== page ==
Sunday, July 20, 2014

New cocktail -- the Michigan Sky

It's a simple affair. Muddle a small handful of blueberries (Michigan blueberries, of course) in the bottom of a highball glass, then mix the juice of half a lemon, a dash of sugar or sugar syrup (half a teaspoon, no more), and a jigger of rum in a separate mixing glass. Stir with ice, then strain over the muddled blueberries in the first glass. Stir this up and serve, perhaps garnished with a floating fresh blueberry or two. Here at Pluot we like our cocktails very pure, with no carbonated beverages added -- unless it might be champagne -- no shaking in an ice-filled shaker to anaesthetize flavor, and certainly no ice added afterward, to melt and dilute the spirit.

We name this one after the blue of the berry and the blue of the Michigan sky. Do rum and blueberries go together? Why not, if rum is what you packed in your suitcase for your little trip? 


Cheers. I'm thinking I might redecorate my office in the style of the palace at ancient Knossos. Remember those frescoes pictured in your college art history textbooks, showing very pleased-looking griffons relaxing among tall waving lilies, blue dolphins cavorting in white tile seas, happy side-view (Egyptian style) people fishing or diving or carrying jars, and the black-haired lass with the enormous eyes called "La Parisienne"? Wouldn't that be nice to look at, to enter into every day? I don't know what put the idea of Knossos into my head; maybe it came from reading Peter Green's The Laughter of Aphrodite (1965) on the pontoon. Anyway I came home thinking this place needs furbishing up and what better start to make than with the simple fresh colors and pure lines abundant in the decor of King Minos' palace? I could even name the house Knossos. My fatheads know I like the fancy of naming where you live, even if where you live is most emphatically not some sort of estate.   

Ancient Crete was overrun and the civilization of the griffons destroyed, it seems, by the warlike Mycenaeans from mainland Greece sometime around the year 1400 BC. I wonder if the king at Knossos opened the ports to them, because he felt it his divine charge to fundamentally transform the nation? And all his court and most of the nobility agreed?





Sunday, July 13, 2014

My fatheads! I cannot tell you how marvelous

How marvelous it is, that is, to suddenly learn that one's favorite, one's only vacation spot is available precisely when one has taken a week's vacation from work already. Of course, one says Yes, and books the cottage. One awakens to the dawn coming up like thunder, as Kipling would say, or at any rate to the dawn coming up like a really bright light outside a cottage bedroom window. The bedroom is done in pale cream with softly flowered curtains, and has artworks and Modge-podged puzzles of swans on the walls. Look carefully out the right-hand window and you will spy the lake and the greenery beckoning.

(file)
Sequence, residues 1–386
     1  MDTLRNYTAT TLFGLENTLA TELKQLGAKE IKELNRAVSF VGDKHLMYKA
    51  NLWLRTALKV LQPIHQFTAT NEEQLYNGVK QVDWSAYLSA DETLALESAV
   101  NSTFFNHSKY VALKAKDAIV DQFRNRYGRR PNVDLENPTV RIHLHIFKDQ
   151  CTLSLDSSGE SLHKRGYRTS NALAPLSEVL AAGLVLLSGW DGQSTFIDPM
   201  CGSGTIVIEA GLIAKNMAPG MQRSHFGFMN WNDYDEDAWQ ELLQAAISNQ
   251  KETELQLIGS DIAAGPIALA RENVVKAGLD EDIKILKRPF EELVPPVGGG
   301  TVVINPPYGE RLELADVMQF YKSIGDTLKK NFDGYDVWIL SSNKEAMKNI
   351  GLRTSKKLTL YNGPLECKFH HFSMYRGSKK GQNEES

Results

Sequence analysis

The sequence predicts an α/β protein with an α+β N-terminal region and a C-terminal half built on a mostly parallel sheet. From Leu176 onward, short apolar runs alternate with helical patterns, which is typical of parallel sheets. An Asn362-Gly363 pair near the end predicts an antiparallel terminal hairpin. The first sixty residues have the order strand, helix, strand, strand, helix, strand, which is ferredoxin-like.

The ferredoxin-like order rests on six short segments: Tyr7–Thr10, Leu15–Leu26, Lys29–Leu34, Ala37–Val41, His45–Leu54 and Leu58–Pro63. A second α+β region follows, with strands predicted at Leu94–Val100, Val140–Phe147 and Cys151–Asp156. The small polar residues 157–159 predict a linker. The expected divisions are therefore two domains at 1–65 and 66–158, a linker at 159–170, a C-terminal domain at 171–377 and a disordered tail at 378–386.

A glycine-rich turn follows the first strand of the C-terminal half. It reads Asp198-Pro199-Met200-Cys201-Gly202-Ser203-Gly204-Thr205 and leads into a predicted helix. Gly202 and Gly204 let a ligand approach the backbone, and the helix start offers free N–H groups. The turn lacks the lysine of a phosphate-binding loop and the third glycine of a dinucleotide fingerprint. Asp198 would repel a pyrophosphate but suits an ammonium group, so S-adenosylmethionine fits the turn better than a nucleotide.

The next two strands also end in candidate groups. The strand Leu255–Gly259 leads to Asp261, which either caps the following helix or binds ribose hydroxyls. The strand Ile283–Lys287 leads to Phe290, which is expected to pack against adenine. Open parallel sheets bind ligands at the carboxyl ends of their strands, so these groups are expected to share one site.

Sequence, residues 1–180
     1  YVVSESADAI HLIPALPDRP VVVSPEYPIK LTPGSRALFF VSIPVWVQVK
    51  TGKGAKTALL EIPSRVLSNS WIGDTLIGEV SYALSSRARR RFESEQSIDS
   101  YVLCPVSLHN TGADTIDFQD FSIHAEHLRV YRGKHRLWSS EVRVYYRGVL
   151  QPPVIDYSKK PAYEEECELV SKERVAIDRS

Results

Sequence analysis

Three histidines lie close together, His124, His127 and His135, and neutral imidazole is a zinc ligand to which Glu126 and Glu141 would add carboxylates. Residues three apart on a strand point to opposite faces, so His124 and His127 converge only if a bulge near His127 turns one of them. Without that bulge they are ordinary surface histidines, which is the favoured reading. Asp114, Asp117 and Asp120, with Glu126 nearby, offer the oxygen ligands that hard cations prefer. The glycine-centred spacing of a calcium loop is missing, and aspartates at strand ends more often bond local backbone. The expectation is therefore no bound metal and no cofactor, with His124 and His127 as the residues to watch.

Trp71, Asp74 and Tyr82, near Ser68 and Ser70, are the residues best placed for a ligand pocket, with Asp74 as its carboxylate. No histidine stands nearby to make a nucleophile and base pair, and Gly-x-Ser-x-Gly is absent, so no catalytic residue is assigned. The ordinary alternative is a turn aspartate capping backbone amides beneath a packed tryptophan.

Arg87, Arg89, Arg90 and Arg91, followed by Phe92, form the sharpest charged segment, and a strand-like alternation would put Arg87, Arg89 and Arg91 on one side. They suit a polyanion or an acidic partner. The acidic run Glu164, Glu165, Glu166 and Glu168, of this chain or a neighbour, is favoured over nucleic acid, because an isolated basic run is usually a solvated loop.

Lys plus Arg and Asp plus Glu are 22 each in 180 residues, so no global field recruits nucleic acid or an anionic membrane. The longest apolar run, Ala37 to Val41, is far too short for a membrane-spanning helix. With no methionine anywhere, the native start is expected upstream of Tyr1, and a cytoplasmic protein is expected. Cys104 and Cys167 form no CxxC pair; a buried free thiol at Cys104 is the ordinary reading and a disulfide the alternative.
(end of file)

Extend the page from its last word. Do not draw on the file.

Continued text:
One awakens to the water lilies floating,

 


and to the timeless look of that ancient summer porch. It may sound trite, but when I first revisited this place as an adult two years ago, during an election year, I thought what a pity it was that Barack Obama never had a childhood that included so basic an American experience as a week or two at a summer cottage. It would have gone far, I should hope, toward inoculating him against some of the hate. In fact I wonder how he would cope now, if some political event required him to speak as though he knew what a summer cottage was. He can't throw a baseball and he doesn't know rudimentary poker language -- remember his gaffe-threat "don't call my bluff"? I think even if he were well-buttressed by his friendly teleprompter, he couldn't help but rush to reveal the holes in his soul. Probably mispronounce bluegill. A pity.



Anyway, I think also I will have to start writing a series of mysteries, featuring the detective Robin Michigan, who solves crimes, usually murders of course, in the brutal and dog-eat-dog world of ... southwest Michigan wine and tourism country.

Let us set the scene. The detective's parents, or rather no, perhaps grandparents (tempus does fugit, you know) will have been hippies who came to Michigan in the '60s after having grown disenchanted with the rigors of law school across the great Lake, at the University of Chicago. (Maybe they had a bellyful of Bill Ayers. But no. Being hippies, they might have liked him.) They decided to rebel against society's strictures, among other ways, by changing their name from whatever you like -- Brizzolara, let's say, or Porter -- to Michigan, the name of their adopted state. Robin was named for her mother Mudgeon's favorite bird. Ah, but was Robin a boy or a girl? Is the detective a man or a woman? Could we attempt to leave the reader always guessing? That might be a good "hook" for our series, provided we don't slip and start using pronouns right away. Be it known we want nothing to do with any LGBT nonsense, although I may have pre-killed any chances for publication in the lefty-wefty book industry simply by asserting so. 



Now, what crimes can we expect Detective Robin Michigan to be faced with, in bucolic, blueberry-strewn Van Buren and Allegan counties? I seem to see (as Lucia would say dreamily) possibilities in that gorgeous yacht slowly prowling up the Black River into South Haven on a soaring blue summer day. It's the white one, with the elegant broad black strip along its side, discreetly masking its lower deck windows. Perhaps it is piloted by a winery tycoon pulling into his berth to investigate malfeasance in the account books. Or, what about the big discount store just off I-196, amid the hotels and the gas stations? I seem to see a stock clerk pulling an empty pallet back to the receiving dock, and discovering the body of the much-loathed store manager lying facedown, who had been alive and well and holding court five minutes before. Then there are possibilities in the little shacks and trailers all around the inland lakes, Saddle Lake and Little Bear and Clear and Magician, any one of which could be meth labs and all of which look like they are. Or, perhaps a famed horticulturalist could discover an entirely new species of orchid on a hike in the woods, and then when she got back to her cottage she might find all her specimens had been stolen except that one. Incidentally, below please find not an orchid but, I think, a Turk's cap lily.  



So you see, my fatheads, it is all too marvelous. Look what a few days' relaxing will do for the brain. And, one hopes, for the soul.  


Oh by the way. The wine is good, too. 2013 Fenn Valley "Cabaret Rosé." Retail, about $13.